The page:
NEW YORK – The United Nations General Assembly held a special meeting Sept. 5 to commemorate the International Day Against Nuclear Tests, to remember the victims and survivors of nuclear testing and to use this opportunity to discuss the new steps the UN as an organisation and the member states can take to advance the goal of banning nuclear tests and ultimately building a nuclear weapon free world..
The International Day Against Nuclear Tests, held annually on Aug. 29, highlights the efforts of the UN and a growing community of advocates, including member states, non-governmental organizations, academia, and media, in raising awareness concerning the importance of the nuclear test ban.
The General Assembly chose Aug. 29 as the annual commemoration date since it marks the day in 1991 when Semipalatinsk, one of the largest test sites in the world and located in north-eastern Kazakhstan, was closed permanently by the decree of Kazakhstan President Nursultan Nazarbayev.
Representatives of UN member states took part in the meeting and Kazakhstan’s delegation was led by Vladimir Bozhko, Minister for Emergency Situations
United Nations senior officials during the Sept. 5 General Assembly meeting repeated their call for member states to take action to ban nuclear testing, stressing testings’ horrific effects on human lives and the environment.
“Eighteen years after the closure of the Semipalatinsk nuclear test site in Kazakhstan, the United Nations General Assembly unanimously adopted a resolution declaring 29 August as the International Day Against Nuclear Tests. This event offers the world community an opportunity to reflect on the dangers posed by such tests and on the urgent need for additional efforts to prohibit them everywhere. This day also provides a moment to recognize the contributions of the government and people of Kazakhstan in seeking to outlaw all such tests and to advance global nuclear disarmament,” UN Secretary General Ban Ki-moon said in his message to the General Assembly on the fourth observance of the International Day Against Nuclear Tests.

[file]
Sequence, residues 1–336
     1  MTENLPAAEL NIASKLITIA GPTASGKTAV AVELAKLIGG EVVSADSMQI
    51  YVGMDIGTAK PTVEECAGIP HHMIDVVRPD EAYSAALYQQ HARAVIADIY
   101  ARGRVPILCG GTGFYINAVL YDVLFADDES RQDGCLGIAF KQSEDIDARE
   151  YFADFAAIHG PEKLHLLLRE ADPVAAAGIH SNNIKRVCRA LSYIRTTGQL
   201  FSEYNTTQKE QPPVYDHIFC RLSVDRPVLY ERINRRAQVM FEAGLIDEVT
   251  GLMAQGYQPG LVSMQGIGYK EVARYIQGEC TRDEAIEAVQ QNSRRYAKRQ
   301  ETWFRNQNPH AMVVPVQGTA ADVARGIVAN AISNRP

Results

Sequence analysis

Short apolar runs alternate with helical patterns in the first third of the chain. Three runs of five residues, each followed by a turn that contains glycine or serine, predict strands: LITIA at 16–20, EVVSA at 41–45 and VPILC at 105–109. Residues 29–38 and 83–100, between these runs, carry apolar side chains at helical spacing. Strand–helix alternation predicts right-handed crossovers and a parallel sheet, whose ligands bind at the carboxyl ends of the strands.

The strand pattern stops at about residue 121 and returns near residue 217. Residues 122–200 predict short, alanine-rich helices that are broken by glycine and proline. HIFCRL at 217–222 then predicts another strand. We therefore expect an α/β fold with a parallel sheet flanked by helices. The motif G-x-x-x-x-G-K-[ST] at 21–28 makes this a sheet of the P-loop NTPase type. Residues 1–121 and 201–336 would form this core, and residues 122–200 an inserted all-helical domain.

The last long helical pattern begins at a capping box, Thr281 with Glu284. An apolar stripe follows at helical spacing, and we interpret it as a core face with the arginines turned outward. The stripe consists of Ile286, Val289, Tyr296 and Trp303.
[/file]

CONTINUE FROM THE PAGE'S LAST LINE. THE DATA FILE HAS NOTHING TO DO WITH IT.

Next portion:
In his turn, Bozhko stressed that observance of the International Day questions the legitimacy of nuclear tests and weapons in military, political and security doctrines.
“It highlights their catastrophic humanitarian consequences on human wellbeing, health, the genetics of survivors, as well as impact on the world’s climate and food production and water supply,” he said, adding that the devastating explosive blasts, direct nuclear radiation, thermal radiation and fall-out make the full rehabilitation of people and environment nearly impossible.
As such, he said that the International Day “is not just a day to remember, but a day to act” and called for a “disarmament race” bolstered by bold multilateral action to not only diminish, but completely wipe out the threat posed by nuclear weapons.
President of the United Nations General Assembly Vuk Jeremic joined the UN Secretary General’s call to member states and encouraged them to participate in the first high-level meeting of the General Assembly on nuclear disarmament, which will take place in New York later this month.
Jeremic recalled the nuclear bombing of Hiroshima and Nagasaki noting that “what happened there is a permanent reminder of the horrible, unmatched devastation caused by the use of nuclear weapons. Any test, conducted by anyone anywhere, increases the likelihood they will be used again one day.”
In this regard, it was noted that 456 nuclear atmospheric, surface and underground explosions were carried out from 1949 to 1989 at the Semipalatinsk nuclear test site. All together, more than 600 nuclear devices were exploded in those tests.
That is nearly one-fourth of all the nuclear weapons tests that have been carried out around the world.